Sewn Lips

The “Guardian” reports on a detailed litany of sub-standard medical care at Christmas Island.

I read the piece with interest and with some recognition: I had worked there earlier, before the present ‘off-shore processing’ (the hasty export of the unwanted) was instituted. Initially I kept silent. Then I wrote the following, which is the introductory chapter to a suite of stories which will appear in 2015 in my next book of non-fiction, “Burned Man.”

“Sewn Lips

A few years back I signed up to work for a short time as a doctor caring for Asylum Seekers detained on Christmas Island. I went with every impure intent. Indignant over my country’s conduct towards refugees, I headed to the island determined to observe, to record and to betray: I would witness wrongdoing and I would expose it.

But I signed a Confidentiality Agreement: now my lips were sewn. So I would have to resort to allegory, to obliquity, to any literary device to tell unforbidden truths while avoiding forbidden fact. And of course I had every right to report on my own state of mind.

In the event the Administration thwarted my plan: I saw no wrongdoing, detected no bruises, smelled nothing: nothing to report. Stolid unimaginative warders ran a barely decent prison. Good nurses, skilled young medical colleagues, experienced mental health nurses were on hand to attend to generally healthy, universally miserable patients.

Keeping the system honest from the outside, the Red Cross visited and the Australian Newspaper snooped.

And we servants of the nation did everything by the book. We followed all the rules and Conventions. We – the system now incorporated me – we kept Australia’s nose clean. Assiduously, conscientiously, courteously, with perfectly consistent meanness, we kept our clients (they weren’t patients, my true client was the Government) we kept them healthy, we kept them confused, we provoked them by systematic delay.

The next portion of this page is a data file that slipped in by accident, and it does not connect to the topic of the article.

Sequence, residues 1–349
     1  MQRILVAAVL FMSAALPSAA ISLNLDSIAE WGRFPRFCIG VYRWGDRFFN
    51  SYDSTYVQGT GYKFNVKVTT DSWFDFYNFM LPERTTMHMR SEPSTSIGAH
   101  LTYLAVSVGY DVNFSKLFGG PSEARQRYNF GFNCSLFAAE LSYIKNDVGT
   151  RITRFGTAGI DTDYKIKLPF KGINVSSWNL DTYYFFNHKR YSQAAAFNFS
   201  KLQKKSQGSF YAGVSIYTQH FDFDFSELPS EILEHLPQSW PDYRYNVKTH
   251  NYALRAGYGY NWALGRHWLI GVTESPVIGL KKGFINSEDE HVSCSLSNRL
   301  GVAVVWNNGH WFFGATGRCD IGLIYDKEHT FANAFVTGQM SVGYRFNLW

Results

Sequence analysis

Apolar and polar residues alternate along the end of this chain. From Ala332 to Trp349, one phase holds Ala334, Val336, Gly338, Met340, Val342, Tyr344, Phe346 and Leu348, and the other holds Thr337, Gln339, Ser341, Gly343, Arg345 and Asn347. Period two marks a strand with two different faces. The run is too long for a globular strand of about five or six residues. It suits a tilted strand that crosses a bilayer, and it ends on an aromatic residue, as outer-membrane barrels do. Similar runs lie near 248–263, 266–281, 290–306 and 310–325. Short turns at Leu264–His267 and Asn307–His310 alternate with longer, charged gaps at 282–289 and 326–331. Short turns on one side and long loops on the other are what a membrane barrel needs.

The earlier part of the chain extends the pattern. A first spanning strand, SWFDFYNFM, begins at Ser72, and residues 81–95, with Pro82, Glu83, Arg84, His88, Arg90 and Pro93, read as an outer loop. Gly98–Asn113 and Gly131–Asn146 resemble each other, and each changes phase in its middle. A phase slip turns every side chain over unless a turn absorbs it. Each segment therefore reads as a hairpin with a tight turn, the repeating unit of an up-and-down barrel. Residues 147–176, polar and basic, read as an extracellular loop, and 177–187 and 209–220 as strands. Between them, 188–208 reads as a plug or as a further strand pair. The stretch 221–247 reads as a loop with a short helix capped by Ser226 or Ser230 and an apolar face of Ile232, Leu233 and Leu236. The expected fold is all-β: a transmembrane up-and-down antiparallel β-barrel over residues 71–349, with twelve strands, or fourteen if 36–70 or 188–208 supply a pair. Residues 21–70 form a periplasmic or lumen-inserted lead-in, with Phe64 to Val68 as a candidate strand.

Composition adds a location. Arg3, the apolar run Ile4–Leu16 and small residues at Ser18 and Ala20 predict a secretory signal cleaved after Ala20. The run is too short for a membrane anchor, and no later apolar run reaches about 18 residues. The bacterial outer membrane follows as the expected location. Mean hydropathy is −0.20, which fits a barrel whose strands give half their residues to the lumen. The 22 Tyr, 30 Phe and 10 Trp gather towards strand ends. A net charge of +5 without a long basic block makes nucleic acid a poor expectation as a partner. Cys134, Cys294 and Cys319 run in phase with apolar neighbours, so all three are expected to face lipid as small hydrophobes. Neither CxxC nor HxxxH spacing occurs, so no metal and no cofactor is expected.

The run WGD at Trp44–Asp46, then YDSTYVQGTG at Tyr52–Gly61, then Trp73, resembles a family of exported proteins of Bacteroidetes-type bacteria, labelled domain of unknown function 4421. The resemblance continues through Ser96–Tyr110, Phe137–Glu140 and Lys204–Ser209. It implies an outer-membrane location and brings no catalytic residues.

We drove them mad.

Australia’s impeccable gulag calibrated its practices to equality with the countries of origin. We managed to be just as cruel without raising a bruise.

Meanwhile, doctors were drinking every night. One guard took his own life, another attempted suicide. One mental health worker was dismissed for ‘fraternising’. In fact, she visited her 18-year old client who had been held incommunicado for 36 hours in a psychiatric ‘facility’ (lovely facile word, drained empty, morally bleached) in Perth. She understood her authority ended once she delivered her patient to the Psychiatric Hospital, but his need and her care did not.

I returned to Australia proper and resumed my life. Back now with family, a free person, a citizen, surrounded by comforting supports, I found I had brought the island with me. Contaminated, implicated by national service in unkindness policy, I was troubled by dreams. Night after night, in darkness and unable to speak, I saw myself doing things I had not actually done.

In those dreams I did Australia’s work. I lived the nightmare we perfected.”

The Guardian article by Oliver Laughland: http://www.theguardian.com/world/2014/may/27/doctors-litany-of-medical-neglect-of-asylum-seekers-still-largely-ignored?CMP=soc_568

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Virgin from Christmas Island to the Mainland

A man walks into my consulting room with a bouncing limp. He is tall and upright. He bows slightly and shakes my hand. The familiar courtesies.

I greet him: Salaam Aleikhum.

He responds: Aleikhum Salaam.

We exchange names. His name is Ahmed. He says: “My foot is painful. Please excuse me. I am afraid I must remove my shoe.”